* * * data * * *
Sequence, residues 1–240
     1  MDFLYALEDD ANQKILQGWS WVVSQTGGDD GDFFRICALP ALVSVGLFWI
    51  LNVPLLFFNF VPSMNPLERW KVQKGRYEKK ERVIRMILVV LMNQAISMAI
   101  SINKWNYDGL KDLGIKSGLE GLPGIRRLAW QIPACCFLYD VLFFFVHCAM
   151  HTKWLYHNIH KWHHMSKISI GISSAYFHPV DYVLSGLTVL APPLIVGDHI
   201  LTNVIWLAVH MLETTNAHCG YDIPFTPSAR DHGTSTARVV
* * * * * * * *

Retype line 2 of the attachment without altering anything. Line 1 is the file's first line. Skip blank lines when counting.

     1  MDFLYALEDD ANQKILQGWS WVVSQTGGDD GDFFRICALP ALVSVGLFWI